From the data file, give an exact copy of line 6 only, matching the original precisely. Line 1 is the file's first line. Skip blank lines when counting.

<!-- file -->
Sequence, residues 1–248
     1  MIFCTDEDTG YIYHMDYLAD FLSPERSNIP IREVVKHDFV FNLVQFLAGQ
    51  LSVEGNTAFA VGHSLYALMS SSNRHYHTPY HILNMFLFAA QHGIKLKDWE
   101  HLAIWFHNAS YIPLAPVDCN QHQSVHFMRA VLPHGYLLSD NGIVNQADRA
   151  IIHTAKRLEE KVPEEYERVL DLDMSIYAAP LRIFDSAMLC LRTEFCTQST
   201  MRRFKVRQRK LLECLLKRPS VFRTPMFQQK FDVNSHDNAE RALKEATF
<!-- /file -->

   201  MRRFKVRQRK LLECLLKRPS VFRTPMFQQK FDVNSHDNAE RALKEATF